Lavrov comments on Syrian de-escalation zone agreementRussian Politics & Diplomacy July 24, 20:15
Iraq calls for closer cooperation with RussiaWorld July 24, 19:09
Russia develops laser-guided automatic landing system for dronesMilitary & Defense July 24, 18:22
Communist propaganda ban not aiming to dismantle Soviet WWII memorials, vows Polish envoyWorld July 24, 18:16
Situation with Siemens won’t affect Russian companies — energy ministerBusiness & Economy July 24, 18:11
Russian energy minister says oil prices may grow in 2017Business & Economy July 24, 17:31
Putin fills in Normandy Four on Russia’s approaches to key Minsk accord provisionsRussian Politics & Diplomacy July 24, 16:57
Normandy Four leaders call for ceasefire in DonbassWorld July 24, 16:29
Archstoyanie: Russia's largest land art festivalSociety & Culture July 24, 16:08
MOSCOW, June 2. /TASS/. The decision to give up the project of creating an Angara-A5P carrier and develop instead a new rocket for manned launches to lay the basis for a super-heavy rocket for lunar missions is due to strategic planning errors, a space expert said on Friday.
Cosmonaut-tester, President of the Moscow Space Club and member of the Russian Academy of Cosmonautics Sergei Zhukov, believes that this measure will hardly allow Russia’s State Space Corporation Roscosmos to save much.
"I don’t think that this measure will save any funds. It is necessary to continue work on that rocket instead of starting to develop a new one. This [decision] looks strange. I believe that if expenditures on the development of a super-heavy rocket and the construction of two launch pads for the Angara rocket are calculated, the Angara project will turn out to be more advantageous. A super-heavy rocket is needed for Russia in the long term but this theme should be addressed gradually, in the format of R&D works, some developments and the accumulation of technological experience but not now," the expert said.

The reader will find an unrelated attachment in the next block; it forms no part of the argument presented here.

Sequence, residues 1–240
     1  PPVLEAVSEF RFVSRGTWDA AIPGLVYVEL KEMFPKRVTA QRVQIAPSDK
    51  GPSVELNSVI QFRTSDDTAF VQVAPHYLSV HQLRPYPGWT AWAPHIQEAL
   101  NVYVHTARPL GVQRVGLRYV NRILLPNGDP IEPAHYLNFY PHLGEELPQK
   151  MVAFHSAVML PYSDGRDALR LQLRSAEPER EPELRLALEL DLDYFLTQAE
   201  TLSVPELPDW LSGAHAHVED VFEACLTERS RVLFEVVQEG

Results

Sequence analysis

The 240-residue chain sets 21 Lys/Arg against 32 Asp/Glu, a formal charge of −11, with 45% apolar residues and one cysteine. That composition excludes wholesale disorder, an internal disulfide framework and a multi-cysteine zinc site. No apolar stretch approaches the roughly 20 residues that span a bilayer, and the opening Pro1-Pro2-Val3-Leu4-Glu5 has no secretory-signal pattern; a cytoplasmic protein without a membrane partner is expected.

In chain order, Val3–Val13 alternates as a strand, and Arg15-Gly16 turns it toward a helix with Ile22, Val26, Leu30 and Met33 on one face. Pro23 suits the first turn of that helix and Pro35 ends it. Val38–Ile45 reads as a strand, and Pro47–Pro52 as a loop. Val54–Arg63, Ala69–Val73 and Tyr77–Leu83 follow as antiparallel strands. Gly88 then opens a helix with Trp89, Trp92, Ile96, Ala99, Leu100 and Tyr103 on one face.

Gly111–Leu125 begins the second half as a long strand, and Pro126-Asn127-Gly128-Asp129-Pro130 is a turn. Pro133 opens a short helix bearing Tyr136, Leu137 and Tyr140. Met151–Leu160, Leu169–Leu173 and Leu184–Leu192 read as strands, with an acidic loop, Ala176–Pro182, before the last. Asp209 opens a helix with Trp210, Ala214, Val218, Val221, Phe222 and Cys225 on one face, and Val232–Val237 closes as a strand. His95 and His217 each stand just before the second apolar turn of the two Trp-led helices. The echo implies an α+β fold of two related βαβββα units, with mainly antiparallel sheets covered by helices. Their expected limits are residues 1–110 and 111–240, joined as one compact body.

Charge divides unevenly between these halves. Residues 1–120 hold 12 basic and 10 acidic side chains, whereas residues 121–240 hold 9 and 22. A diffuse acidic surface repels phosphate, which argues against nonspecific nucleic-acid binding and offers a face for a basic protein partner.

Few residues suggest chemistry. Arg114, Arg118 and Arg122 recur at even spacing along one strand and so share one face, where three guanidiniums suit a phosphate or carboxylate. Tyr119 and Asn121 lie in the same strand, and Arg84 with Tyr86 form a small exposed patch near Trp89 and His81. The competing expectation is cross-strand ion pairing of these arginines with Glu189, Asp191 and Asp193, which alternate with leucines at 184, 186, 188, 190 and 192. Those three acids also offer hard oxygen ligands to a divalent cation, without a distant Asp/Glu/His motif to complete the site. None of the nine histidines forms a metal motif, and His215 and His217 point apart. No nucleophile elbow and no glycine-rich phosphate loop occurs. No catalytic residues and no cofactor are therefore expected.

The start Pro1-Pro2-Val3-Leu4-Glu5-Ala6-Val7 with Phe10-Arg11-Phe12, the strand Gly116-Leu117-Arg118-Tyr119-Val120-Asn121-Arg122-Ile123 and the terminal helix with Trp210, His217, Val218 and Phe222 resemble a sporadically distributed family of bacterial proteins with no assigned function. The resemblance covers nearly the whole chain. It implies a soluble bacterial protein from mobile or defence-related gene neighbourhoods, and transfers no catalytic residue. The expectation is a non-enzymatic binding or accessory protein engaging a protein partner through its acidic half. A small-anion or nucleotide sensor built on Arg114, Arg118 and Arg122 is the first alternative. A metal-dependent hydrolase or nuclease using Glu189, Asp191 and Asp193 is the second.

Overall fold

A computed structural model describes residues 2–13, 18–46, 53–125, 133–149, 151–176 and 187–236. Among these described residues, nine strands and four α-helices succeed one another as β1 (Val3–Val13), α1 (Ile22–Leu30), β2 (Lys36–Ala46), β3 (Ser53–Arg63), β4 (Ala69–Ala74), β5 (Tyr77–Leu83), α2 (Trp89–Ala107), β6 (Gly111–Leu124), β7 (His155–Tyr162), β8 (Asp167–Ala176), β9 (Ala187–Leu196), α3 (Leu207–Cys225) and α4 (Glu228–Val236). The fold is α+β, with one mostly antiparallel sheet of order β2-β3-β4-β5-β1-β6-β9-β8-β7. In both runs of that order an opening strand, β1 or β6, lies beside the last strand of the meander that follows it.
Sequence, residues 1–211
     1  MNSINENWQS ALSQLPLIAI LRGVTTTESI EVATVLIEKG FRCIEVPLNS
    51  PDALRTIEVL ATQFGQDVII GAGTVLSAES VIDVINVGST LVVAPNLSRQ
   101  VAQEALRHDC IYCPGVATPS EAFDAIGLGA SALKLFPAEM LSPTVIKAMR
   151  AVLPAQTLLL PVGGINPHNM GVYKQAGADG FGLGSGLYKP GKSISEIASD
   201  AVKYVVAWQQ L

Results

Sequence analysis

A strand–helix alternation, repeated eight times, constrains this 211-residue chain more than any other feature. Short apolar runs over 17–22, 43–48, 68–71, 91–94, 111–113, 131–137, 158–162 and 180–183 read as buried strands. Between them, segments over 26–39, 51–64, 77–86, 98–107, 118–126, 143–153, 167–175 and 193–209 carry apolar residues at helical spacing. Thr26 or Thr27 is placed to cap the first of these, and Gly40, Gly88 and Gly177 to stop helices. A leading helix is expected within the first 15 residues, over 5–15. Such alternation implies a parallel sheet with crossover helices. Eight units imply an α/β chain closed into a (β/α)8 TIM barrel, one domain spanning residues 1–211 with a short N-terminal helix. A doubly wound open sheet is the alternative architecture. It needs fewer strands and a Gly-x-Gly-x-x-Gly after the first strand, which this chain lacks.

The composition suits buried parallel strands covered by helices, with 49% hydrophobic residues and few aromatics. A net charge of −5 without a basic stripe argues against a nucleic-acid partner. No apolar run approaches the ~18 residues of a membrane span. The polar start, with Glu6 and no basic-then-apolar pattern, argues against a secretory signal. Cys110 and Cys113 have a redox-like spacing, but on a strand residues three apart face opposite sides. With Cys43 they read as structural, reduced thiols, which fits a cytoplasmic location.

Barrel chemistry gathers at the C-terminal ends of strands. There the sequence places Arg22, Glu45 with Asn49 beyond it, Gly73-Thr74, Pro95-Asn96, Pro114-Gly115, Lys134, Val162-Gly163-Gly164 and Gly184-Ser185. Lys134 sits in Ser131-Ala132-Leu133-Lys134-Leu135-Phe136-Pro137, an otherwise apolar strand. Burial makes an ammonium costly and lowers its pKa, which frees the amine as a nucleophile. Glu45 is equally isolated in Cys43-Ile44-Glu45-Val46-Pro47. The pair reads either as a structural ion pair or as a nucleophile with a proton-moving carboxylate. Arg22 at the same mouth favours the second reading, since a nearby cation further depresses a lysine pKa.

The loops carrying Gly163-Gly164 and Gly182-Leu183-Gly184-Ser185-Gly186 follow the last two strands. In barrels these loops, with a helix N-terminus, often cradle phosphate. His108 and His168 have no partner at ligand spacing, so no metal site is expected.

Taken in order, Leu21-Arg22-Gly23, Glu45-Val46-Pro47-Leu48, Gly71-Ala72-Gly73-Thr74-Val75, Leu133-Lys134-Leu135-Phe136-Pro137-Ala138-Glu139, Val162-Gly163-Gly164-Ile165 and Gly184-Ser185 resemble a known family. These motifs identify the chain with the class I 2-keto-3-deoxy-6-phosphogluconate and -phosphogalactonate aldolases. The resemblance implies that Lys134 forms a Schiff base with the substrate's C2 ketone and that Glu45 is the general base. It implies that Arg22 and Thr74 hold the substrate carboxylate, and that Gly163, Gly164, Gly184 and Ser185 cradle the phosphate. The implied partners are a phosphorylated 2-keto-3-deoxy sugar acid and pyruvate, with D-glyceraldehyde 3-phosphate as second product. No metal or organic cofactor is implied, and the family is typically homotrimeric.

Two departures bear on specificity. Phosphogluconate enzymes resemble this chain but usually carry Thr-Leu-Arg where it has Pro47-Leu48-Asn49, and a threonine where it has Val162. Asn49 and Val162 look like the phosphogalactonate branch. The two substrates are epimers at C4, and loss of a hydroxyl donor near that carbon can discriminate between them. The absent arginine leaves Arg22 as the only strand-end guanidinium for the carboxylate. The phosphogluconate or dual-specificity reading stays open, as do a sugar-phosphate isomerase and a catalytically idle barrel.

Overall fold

According to him, it would be more expedient to finalize the Angara rocket, even if building two launch pads at the Vostochny spaceport and assembling a lunar transient module in the near-Earth orbit, instead of dropping the work implemented and starting the development of a new rocket.
In the expert’s opinion, the change of plans is related not only to the country’s difficult economic situation but also to certain strategic miscalculations in the long-term space program planning.
If Russia had had a long-term national strategy, such unexpected decisions could not have been made, the expert noted.
"We spoke some time ago for adopting a national cosmonautics development program. As there is no such a strategy, I completely don’t understand the expediency of a super-heavy rocket. In my view, the decision has been made in favor of sectoral rather than national interests," the expert said.
The expert said at the same time that the construction of the Vostochny spaceport in the Russian Far East was a strategically correct decision meeting national interests.
"From the viewpoint of national interests, it is expedient to develop the Far Eastern region and promote international cooperation and create a principally new generation of technology for exploring the outer space," the expert said.
However, the Vostochny spaceport construction deviated from the original plan when a decision was made to build a launch facility for the Soyuz carrier rocket there instead of developing new technologies at the space center, he noted.
This decision is implementing old technical solutions and creating unnecessary competition with the Baikonur space center in Kazakhstan, he added.
"It would have been necessary to develop the cosmodrome, perhaps, more slowly but for promising carrier rockets," the expert said.